Ezra Klein with the historical breakdown on the genesis of the individual mandate in the Republican Heritage think-tank, its championing by Republicans as a free-market alternative to single-payer, and its immediate disavowal upon being embraced by President Obama.
On March 23, 2010, the day that President Obama signed the Affordable Care Act into law, fourteen state attorneys general filed suit against the law’s requirement that most Americans purchase health insurance, on the ground that it was unconstitutional. It was hard to find a law professor in the country who took them seriously. “The argument about constitutionality is, if not frivolous, close to it,” Sanford Levinson, a University of Texas law-school professor, told the McClatchy newspapers. Erwin Chemerinsky, the dean of the law school at the University of California at Irvine, told the Times, “There is no case law, post 1937, that would support an individual’s right not to buy health care if the government wants to mandate it.” Orin Kerr, a George Washington University professor who had clerked for Justice Anthony Kennedy, said, “There is a less than one-per-cent chance that the courts will invalidate the individual mandate.” Today, as the Supreme Court prepares to hand down its decision on the law, Kerr puts the chance that it will overturn the mandate—almost certainly on a party-line vote—at closer to “fifty-fifty.” The Republicans have made the individual mandate the element most likely to undo the President’s health-care law. The irony is that the Democrats adopted it in the first place because they thought that it would help them secure conservative support. It had, after all, been at the heart of Republican health-care reforms for two decades.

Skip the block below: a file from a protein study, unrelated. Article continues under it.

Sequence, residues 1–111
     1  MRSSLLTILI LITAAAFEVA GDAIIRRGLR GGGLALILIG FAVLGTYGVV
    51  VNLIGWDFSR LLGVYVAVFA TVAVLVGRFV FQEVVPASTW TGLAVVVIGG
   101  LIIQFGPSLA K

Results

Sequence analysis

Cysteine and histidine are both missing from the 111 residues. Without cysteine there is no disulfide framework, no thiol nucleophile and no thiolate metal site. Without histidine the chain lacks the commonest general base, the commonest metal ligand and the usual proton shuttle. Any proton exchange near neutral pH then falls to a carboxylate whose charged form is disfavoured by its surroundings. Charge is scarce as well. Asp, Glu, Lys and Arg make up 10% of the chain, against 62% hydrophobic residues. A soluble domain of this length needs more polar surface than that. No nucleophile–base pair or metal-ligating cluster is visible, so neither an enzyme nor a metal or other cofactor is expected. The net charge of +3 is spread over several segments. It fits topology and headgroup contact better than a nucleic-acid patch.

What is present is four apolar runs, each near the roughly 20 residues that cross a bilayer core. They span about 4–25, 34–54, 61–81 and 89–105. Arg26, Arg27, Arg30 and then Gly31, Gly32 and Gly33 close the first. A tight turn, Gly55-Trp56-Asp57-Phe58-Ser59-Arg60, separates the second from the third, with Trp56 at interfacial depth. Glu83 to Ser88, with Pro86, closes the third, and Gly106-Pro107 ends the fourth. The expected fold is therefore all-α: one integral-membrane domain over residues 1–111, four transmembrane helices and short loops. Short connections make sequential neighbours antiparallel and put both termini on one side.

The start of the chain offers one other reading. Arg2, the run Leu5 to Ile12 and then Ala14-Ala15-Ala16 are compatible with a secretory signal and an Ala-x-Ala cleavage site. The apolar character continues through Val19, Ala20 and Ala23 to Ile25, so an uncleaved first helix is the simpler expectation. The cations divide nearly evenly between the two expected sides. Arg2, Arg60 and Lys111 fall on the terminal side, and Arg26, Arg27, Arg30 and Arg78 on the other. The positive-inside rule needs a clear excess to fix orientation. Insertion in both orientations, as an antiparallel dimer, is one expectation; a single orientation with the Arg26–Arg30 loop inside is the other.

The scumbaggery is jaw-dropping just for the sheer political reversal founded on nothing other than fear of a successful Obama presidency, but Republicans may pay the price if their stacked Supreme Court acts like a bunch of hacks and tosses out the bill, leaving millions of Americans still needing health insurance with no obvious way to compel healthy people to join until they get sick.
But man, the scumbaggery of it all is enough to invalidate the Republicans as a responsible governing party. Nothing means anything to them, other than a big shiny R on the winning team.